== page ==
Sensuali Blog: Men are lonely
Photo Source: Mark Dorosz

Then there’s the pedophile who is actually just this very sweet, very child-like middle-aged man who shows up to every meeting with a day count of one for looking at porn. It’s almost as if Hollywood typecasted the whole thing. Someone could really just show up with a camera and start filming. 

What’s your experience been so far? 

I really liked counting days and for a time, I found it to be very useful and positive. It gave me so much time and energy back to pursue other things like my writing and photography. I didn’t love the whole building my entire sense of self-identity around being a sex addict though. Somehow it’s not as cool as being a coke fiend. I also didn’t really feel my cravings go away in the same way I did when I first got sober from drugs and alcohol. To be fair though, I didn’t stick with it nearly as long. 

The day I hit 30 days, I went to my regular meeting or, as they call it in 12-step, my home group. There was hardly anyone there and they needed someone to step up to qualify and share their story. Having shared a gazillion times in other 12-step meetings, I had no problem volunteering myself to speak. In fact, I felt quite excited. But then the chair was like, “You’re a newcomer. I think it’s better if I share instead, you’re just not ready man.”

That really fucking annoyed me, especially because I know for a fact that everyone there had already heard this douchebag qualify multiple times before. It really just felt like he was trying to steal my thunder, so I mumbled something about how, “The newcomer is supposed to be the most important person at the meeting,” before storming out. In hindsight, I probably just used that as an excuse to quit.

The next day after going and buying a shit ton of candy bars and Penthouse and Hustler magazines, I ended up getting a call out of the blue from a girl I’d met online over the summer but never met in person. She came over and we banged, and then she took me out to an underground sex / dance party with all her stripper friends.

Sensuali Blog: Erotic Dancers
Photo Source: Marta Wave

They were all smoking cigs and doing bumps of coke off of their acrylic nails. It was pretty fucking awesome. Much better than hanging out with the Rabbi and listening to him talk about masturbation clubs, that’s for sure.

I felt pretty crap about it the next day though. I’ve heard the saying, “For a woman, a boyfriend is a temporary solution to a permanent problem.” For me, it’s more like, “Going on a bender is a temporary solution to a permanent problem.” I know I should just buckle down and try pursuing a normal relationship but I can’t seem to help myself.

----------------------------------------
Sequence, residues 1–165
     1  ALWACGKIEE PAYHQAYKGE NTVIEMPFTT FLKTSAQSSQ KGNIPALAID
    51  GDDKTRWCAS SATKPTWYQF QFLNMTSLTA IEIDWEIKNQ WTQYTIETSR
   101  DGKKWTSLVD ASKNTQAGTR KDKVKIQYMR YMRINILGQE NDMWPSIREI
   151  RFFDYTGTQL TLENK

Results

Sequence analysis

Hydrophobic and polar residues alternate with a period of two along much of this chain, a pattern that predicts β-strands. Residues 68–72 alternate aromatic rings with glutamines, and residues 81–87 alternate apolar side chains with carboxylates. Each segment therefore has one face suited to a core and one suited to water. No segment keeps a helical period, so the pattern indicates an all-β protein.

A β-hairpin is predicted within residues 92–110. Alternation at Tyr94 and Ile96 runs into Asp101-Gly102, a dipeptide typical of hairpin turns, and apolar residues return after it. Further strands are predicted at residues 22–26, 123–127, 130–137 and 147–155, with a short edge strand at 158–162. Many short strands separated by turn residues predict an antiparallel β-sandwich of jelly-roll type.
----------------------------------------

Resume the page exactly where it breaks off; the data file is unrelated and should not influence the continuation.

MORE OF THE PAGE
What have your takeaways been from your time in SAA and do you see yourself going back?

I’m bummed because it really was saving me so much cash and time. For that reason alone, I would totally consider going back at some point. I’m pretty into the whole three circles concept too. In a way, the creepy dudes who attend the meetings are my spirit animal. They represent my shadow self and as disturbing as that is, it’s a much needed reminder of what I could end up becoming if I don’t figure out my shit.

The nice thing about AA is that the fellowship is so big and there’s tons of meetings. So if you have a bad experience at one place, there’s loads of other meetings to check out. The SAA community is just way smaller and therefore, the chance of me running into the guy who pissed me off is pretty high. 

What is your attitude toward 12-step programs in general and what advice would you give to someone seeking help with an addiction – sexual or otherwise – looking to make a change for the better? 

They are really good. I think the only risk they have at the moment is that they are losing some of their specialness. 10 years ago, there was a much higher barrier to entry. Going into a church basement and saying, “Hey, I’m a fucking alcoholic,” came with a lot of shame. Now, it’s become super mainstream and part of modern society. On the one hand, it’s great that the stigma is being reduced, but on the other hand, the meetings have lost their special spiritual place outside of normal society.

But I think if you’re in serious trouble, they are the last house at the end of the road. And these days, there’s something for everyone – Internet and Technology Anonymous, Debtor’s Anonymous, Overeater’s Anonymous. The people that I’ve met and befriended in AA are phenomenal – like some of the most interesting and articulate and engaging people that I’ve ever had the pleasure of knowing. I think the real problem with SAA is that I didn’t want to play ping pong with any of those dudes.

Closing thoughts?

I really wish I hadn’t shut the door on that group. Going there saved me at least $1,000 a week. I’m not ready to humble myself and go back just yet, but maybe in 6 months time. I might just like bad bitches too much to actually ever give this thing a real go though. We shall see.

psychology of sex
Sex Work



Based in Brooklyn, Jules has dedicated her twenties towards harnessing her pussy power, exploring the muse, whore, and wild woman archetypes along the way. When not blogging, you can find her sweating the toxins out in a hot yoga class or sipping a matcha latte at a pretentious coffee shop, whilst she scribbles away in her journal.